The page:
We know his disgraceful deeds and policies. But it's his utter lack of quality; his unsubstantial presence; his marble-mouthed oratorical retardation; his inability to inspire greatness; and his empty-suit absence of intellectual curiosity which preordained him to be the worst President of the United States in modern history.
Admittedly, when it comes to the presidency, my personal level of idealism rests somewhere between Frank Capra and Aaron Sorkin. I'm a presidential geek. One of my life goals is to work in the White House for one week. My Dad's old office at the Treasury Department used to look out over the east lawn, and when I was a kid I used to imagine that one day the president would invite me and my Dad for a ride on Marine One.
But after seven years in this Dark Age, I've almost forgotten what it was like to have a real president occupying the White House: a president who, even if I disagreed with his policies and ideology, dignified the office with a stature that symbolized the awesomeness of America.
Emerson wrote, "Every hero becomes a bore at last. Perhaps Voltaire was not bad-hearted, yet he said of the good Jesus, even, 'I pray you, let me never hear that man's name again.'"
We seem to experience this routine with almost every two-term president. But President Bush was never a hero in the first place and only grew more ridiculous with each subsequent crime against the Constitution, against human decency and against democracy itself. If there's any justice left in this nation, history will record that President Bush was an entirely inadequate tool; a bungling villain whose early popularity grew out of a traumatic and patriotic need to support the office regardless of who occupied it.
And when the flood waters literally rose up and washed away the disguise, the slack-jawed poseur was revealed -- the "bore" who had always been there, but who had been previously and cynically costumed in cowboy drag. Some of us recognized the charade from the beginning, but it required a second national tragedy, this time in New Orleans, to alert the media and the rest of America to his criminal incompetence.
American history is inextricably tied to the presidency. It's how we mentally assemble the chronology of our past. For going on eight years, we've endured a chief executive who never should have ascended to this post. Consequently, this decade has been an aberration; a time when Americans somehow championed an illegitimate, Orwellian hooplehead and naturally suffered the consequences. This is how most of the first decade of this century will be remembered.
Yet our generation is being offered another chance here -- an opportunity to set things straight and elect a president who not only illustrates the historical qualities of the office, but who also defines an energetic new approach.
The next president has to be Senator Barack Obama.
Senator Obama's intelligence, passion and quality of character can inspire us to recapture our own potential for greatness. And after all these years of darkness, there is no alternative other than to correct our trajectory with someone who can elevate our common goals -- the American Dream. For the American Dream to survive, this era demands a new president who will include all of us in the debate over our future, whether or not we agree on every issue.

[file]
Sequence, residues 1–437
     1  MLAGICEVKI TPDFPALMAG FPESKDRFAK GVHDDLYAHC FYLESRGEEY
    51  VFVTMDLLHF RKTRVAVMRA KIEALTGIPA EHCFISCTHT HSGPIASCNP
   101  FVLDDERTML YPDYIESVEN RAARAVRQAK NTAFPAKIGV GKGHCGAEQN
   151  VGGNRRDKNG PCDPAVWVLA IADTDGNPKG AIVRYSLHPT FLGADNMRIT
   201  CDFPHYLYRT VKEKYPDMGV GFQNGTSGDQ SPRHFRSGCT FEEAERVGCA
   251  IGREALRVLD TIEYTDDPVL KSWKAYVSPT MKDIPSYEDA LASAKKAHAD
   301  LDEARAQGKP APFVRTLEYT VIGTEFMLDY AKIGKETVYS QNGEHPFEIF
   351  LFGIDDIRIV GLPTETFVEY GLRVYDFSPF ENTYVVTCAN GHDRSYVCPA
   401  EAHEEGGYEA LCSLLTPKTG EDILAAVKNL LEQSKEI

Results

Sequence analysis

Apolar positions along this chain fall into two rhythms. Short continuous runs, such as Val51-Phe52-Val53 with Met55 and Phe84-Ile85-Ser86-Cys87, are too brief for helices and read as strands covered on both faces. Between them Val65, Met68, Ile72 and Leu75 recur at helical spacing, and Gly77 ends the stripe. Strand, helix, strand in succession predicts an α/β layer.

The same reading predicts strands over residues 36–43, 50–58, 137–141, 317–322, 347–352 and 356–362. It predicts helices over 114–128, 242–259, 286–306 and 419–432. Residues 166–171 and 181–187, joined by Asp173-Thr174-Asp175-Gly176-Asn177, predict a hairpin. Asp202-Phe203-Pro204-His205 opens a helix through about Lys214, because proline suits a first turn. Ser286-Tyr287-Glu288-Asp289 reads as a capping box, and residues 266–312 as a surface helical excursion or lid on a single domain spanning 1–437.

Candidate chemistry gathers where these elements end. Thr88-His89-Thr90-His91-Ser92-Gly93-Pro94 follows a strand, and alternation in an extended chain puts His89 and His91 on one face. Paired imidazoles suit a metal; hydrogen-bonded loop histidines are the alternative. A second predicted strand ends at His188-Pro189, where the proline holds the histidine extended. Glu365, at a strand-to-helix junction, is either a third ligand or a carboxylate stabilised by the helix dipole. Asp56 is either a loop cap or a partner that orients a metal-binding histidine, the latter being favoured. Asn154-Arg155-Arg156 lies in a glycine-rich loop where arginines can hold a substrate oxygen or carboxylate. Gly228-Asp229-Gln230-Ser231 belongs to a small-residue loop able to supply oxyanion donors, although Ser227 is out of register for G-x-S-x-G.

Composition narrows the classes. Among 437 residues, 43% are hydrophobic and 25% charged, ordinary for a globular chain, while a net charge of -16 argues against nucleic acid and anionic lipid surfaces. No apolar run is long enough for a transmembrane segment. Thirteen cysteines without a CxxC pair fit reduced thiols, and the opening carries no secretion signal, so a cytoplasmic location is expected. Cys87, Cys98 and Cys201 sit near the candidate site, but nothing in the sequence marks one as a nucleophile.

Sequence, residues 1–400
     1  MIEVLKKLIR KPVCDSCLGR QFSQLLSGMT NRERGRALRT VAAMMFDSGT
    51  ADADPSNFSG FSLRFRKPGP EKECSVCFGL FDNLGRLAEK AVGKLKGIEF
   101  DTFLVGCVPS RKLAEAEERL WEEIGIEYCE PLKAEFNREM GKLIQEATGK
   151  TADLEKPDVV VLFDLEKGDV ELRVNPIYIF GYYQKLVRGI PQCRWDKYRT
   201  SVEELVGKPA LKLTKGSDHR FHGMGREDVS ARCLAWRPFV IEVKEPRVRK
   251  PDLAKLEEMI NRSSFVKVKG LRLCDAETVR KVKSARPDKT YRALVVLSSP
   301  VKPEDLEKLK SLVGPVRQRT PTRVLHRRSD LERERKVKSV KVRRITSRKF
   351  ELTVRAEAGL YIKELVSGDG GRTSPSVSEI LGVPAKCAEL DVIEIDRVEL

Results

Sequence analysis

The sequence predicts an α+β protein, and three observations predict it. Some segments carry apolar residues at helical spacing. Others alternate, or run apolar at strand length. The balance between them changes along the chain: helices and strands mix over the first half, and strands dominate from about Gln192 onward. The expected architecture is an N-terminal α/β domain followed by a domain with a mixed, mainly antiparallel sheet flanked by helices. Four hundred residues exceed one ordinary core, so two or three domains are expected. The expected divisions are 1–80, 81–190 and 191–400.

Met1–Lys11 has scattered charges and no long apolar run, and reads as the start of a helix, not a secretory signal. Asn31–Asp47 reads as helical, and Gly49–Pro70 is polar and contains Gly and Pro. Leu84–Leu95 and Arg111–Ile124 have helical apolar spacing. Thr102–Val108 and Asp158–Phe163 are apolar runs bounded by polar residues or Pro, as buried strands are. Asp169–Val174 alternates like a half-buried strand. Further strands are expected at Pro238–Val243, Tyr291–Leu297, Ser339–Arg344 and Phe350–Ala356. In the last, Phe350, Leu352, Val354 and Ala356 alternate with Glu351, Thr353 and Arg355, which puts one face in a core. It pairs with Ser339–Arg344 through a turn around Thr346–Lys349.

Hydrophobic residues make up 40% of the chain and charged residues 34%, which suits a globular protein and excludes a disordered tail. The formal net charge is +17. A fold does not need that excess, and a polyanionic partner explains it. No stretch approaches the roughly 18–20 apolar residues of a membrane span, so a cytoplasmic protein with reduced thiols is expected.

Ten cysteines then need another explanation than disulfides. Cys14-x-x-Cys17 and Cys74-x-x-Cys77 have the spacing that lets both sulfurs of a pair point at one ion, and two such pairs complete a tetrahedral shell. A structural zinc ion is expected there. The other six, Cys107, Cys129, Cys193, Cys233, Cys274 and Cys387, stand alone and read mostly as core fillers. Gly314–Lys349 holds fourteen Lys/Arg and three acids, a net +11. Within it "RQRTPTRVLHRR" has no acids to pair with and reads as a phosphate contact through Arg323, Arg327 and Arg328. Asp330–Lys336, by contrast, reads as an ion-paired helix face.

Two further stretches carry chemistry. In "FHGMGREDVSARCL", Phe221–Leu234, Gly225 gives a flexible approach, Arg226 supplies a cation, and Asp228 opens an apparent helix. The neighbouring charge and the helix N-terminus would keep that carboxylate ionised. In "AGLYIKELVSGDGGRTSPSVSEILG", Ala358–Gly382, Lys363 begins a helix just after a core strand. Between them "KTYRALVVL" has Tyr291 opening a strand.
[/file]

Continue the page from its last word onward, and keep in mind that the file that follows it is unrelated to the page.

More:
And I'm proud to say that I don't agree with the senator on everything. But it doesn't matter because this campaign is about much more than individuals and their pet issues. This is about the reacquisition of an ideal -- of a benevolent greatness which has been stolen away from us.
I see in Senator Obama an historic character who fits within my persnickety and idealistic template for the presidency -- and this time around, it happens that my idealistic choice has a realistic chance to win. So this isn't necessarily an endorsement based on ideology, but an endorsement based on that which is required from an historical perspective.
The alternatives on either side of this campaign are ultimately redundant to what we have now.
On the Republican side, each frontrunner represents a rage-inducing aspect of the present Bush regime. The Romney Unit represents the Paris Hilton fiscal policy of the Bush administration; Giuliani is the unstable, crazy-ass hubristic gunslinger; and Mike Huckabee is the cross-bearing fundamentalist who floats in the same fantasy world as Kirk Cameron and Ray Comfort.
On the Democratic side, John Edwards is a tough call because he has the right idea. But there was a thing with Edwards from 2004 that I can't seem to shake. And I've really, really tried. During one of the primary debates, Howard Dean stood up to answer a question. As was the campaign fashion at the time, Dean rolled up his sleeves. Then, behind him, I spotted John Edwards whose eyes suddenly widened at Dean's sleeve-rolling as if to say, Oh crap, I should roll up my sleeves now or else I won't be awesome like Howard. Then he quickly rolled up his sleeves. It was an awkwardly candid moment which revealed a lack of originality and, for my admittedly nitpicky tastes, a little too much of the staged illusion of it all. But most importantly, I imagined him exhibiting the same derivative behavior when voting with the president on Iraq.
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